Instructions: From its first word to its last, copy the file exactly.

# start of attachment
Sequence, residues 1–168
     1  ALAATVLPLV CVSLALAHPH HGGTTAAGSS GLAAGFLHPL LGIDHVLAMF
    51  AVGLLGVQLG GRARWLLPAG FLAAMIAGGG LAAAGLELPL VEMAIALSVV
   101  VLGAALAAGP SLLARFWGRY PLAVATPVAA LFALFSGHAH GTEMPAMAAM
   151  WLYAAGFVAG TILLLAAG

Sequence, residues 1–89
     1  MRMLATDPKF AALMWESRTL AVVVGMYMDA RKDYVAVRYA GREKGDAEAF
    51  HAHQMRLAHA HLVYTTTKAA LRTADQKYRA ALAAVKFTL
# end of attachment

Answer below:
Sequence, residues 1–168
     1  ALAATVLPLV CVSLALAHPH HGGTTAAGSS GLAAGFLHPL LGIDHVLAMF
    51  AVGLLGVQLG GRARWLLPAG FLAAMIAGGG LAAAGLELPL VEMAIALSVV
   101  VLGAALAAGP SLLARFWGRY PLAVATPVAA LFALFSGHAH GTEMPAMAAM
   151  WLYAAGFVAG TILLLAAG

Sequence, residues 1–89
     1  MRMLATDPKF AALMWESRTL AVVVGMYMDA RKDYVAVRYA GREKGDAEAF
    51  HAHQMRLAHA HLVYTTTKAA LRTADQKYRA ALAAVKFTL